Breeze: Another instance where air volume is important is the ACGIH “air velocity ranges” for work areas. According to the ACGIH, work areas air motion should have a specific range of air velocities. For workers who are sitting, the range is 75 to 125 feet per minute (fpm); for standing workers, it’s 100 to 200 fpm.

Fan performance and design: Ventilators come in a variety of designs. Knowing performance information supplied by the manufacturer such as fan speed, design, and motor drive size can make the selection process easier. The most important factor in determining air volume at the end of the hose is friction loss, or the amount that the breeze decreases from point A to point B. Friction loss can reduce the airflow by over 50% in a 15’ length of hose. The manufacturer usually provides friction loss information, however, the unit must be set up according to their instructions to obtain their stated airflows.

Ventilation Operation

Mechanical air ventilation of a space will require a fan that generates enough air flow to achieve approximately 20 air changes per hour, sufficient ducting hose and webbing or rope in order to position and secure the hose.

Air Supply Ventilation

  1. Position the fan four to six feet from entry point with the fan intake pointed into the wind. For eight feet from the fan intake, the area should be free from airborne contaminates and loosestones.
  2. For vertical spaces, position the hose in approximately 75 per cent of the distance to the bottom of the space, and no more than maximum 15 feet from the work area. Tie a rope approximately 2′ from the end of the hose and lower the hose into the space. Raise the end of the hose with the rope to achieve a second bend (inside hose angle between 120 and 150 °) in the hose and secure the rope to keep the bend in place. For horizontal spaces, lay the hose on the floor with the end of the hose within 10 feet of the far wall.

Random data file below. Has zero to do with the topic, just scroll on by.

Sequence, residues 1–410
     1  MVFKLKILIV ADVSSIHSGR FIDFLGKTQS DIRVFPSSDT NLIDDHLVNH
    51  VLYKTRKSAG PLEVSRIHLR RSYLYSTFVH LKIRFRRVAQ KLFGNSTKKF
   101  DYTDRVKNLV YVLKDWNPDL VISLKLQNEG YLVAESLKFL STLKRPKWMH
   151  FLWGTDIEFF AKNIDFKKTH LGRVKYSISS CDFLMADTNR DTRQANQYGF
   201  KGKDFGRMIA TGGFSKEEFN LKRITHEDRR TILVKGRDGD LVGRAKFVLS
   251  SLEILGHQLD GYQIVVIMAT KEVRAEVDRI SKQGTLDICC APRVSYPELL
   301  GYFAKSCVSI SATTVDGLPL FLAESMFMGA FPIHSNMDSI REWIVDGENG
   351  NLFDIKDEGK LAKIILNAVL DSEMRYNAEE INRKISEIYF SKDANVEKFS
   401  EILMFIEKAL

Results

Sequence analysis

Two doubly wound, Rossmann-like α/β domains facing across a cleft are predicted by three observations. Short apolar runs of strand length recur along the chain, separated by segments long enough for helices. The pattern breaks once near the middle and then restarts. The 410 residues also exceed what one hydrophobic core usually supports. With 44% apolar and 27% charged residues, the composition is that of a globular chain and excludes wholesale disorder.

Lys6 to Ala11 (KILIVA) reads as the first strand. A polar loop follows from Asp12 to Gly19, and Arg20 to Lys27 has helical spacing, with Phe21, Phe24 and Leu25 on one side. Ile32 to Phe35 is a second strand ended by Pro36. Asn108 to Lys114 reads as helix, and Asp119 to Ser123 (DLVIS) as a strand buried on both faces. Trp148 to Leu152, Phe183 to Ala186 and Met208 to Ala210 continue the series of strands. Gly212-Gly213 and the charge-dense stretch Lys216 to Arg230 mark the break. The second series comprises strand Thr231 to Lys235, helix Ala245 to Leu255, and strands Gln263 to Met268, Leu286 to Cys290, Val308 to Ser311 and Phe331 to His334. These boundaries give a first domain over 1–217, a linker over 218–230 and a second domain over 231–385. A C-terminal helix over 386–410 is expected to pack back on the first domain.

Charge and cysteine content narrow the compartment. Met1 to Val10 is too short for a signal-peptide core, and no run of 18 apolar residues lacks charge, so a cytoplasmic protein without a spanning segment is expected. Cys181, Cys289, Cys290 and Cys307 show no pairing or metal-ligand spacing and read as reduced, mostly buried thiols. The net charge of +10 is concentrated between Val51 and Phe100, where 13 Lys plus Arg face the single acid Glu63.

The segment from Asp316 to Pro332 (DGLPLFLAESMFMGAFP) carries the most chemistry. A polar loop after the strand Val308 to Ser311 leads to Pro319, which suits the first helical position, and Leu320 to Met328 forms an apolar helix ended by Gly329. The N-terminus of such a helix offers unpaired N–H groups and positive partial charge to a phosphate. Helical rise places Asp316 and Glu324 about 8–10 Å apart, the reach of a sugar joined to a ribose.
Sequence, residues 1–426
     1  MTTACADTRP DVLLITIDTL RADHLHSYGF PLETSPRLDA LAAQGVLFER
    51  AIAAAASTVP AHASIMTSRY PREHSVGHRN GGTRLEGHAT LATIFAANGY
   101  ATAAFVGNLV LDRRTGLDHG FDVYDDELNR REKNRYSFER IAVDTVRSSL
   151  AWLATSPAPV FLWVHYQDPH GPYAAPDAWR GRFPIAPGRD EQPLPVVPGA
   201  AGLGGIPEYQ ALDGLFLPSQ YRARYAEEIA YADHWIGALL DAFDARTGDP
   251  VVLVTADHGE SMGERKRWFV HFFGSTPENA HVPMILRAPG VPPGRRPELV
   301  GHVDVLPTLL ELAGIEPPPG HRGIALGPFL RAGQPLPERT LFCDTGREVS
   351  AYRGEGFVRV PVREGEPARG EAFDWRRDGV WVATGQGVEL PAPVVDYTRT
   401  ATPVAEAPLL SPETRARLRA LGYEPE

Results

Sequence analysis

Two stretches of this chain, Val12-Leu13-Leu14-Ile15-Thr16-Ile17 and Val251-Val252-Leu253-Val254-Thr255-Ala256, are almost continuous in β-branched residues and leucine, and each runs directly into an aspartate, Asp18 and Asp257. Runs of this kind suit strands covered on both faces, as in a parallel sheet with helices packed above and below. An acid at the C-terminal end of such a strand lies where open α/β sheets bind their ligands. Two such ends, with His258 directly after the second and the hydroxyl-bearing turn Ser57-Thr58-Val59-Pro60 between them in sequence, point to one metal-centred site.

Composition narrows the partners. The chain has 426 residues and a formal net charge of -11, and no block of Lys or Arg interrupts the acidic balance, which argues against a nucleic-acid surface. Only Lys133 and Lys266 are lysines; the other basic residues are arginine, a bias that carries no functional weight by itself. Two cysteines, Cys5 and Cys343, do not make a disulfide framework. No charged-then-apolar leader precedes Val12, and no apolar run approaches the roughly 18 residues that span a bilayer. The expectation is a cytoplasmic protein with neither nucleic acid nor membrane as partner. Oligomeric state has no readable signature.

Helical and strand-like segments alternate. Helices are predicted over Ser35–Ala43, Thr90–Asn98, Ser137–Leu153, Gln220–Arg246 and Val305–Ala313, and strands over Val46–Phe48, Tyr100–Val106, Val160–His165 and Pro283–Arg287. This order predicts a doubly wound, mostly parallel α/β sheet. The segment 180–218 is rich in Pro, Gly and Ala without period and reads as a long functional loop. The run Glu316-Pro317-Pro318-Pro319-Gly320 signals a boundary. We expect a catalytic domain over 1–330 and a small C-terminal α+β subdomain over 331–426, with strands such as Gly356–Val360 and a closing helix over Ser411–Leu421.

3. Turn the ventilator on before placing the hose into the space and let the unit run for time enough for two complete air changes before performing any gas testing. When testing, ensure the detector is out of the direct ventilation airflow pattern.
  4. Ensure there is no “short circuiting” of the air. If the space has a second opening, place the ventilator at the smaller opening to create better air circulation through the space. If the space has only one large opening, place the ventilator on the opposite side farthest from the area where the workers will enter the space.

Air Exhaust Ventilation

  1. Position the worker three feet from source of contaminate generation point. If the entire space is contaminated and to be cleaned with exhaust ventilation, keep the hose three feet from the worker
  2. Position the duct one foot from the contaminate source, and one foot below the worker’s breathing zone.
  3. Position unit so that the exhaust end of the unit is out of the wind and the exhausted air is not pull back into the space. If the exhaust contaminates are explosive, make sure the air does not come in contact with the fan motor. In addition, the unit should be grounded.
  4. If the contaminates being purged are potentially lethal, an area 10 feet in front of all openings should be considered hazardous, barricaded and monitored periodically with the gas detector. In addition, the attendant should wear appropriate respiratory protection.

In All Three Ventilation Applications

  1. Ventilation of the confined space should continue while the space is occupied to ensure a safe working environment. Since ventilation can help control heat and humidity and therefore it should be turned on even if the workers inside are using supplied air breathing apparatus.
  2. If there is a potentially hazardous environment exhausting from the space near the ventilator, attach a four foot hose to the intake side of the fan to prevent recirculating the polluted air coming from the space. In addition, monitor the area around the entry point with the gas detector and have the attendant wear appropriate respiratory protection.
  3. For both supply and exhaust operations involving atmospheres that present a LEL reading on the gas detector, always remove or retract the ventilation hose before the ventilator is turned off. With no velocity pressure in the hose to keep combustible gases out, the gases can come up the hose, across the hot motor and possibly ignite.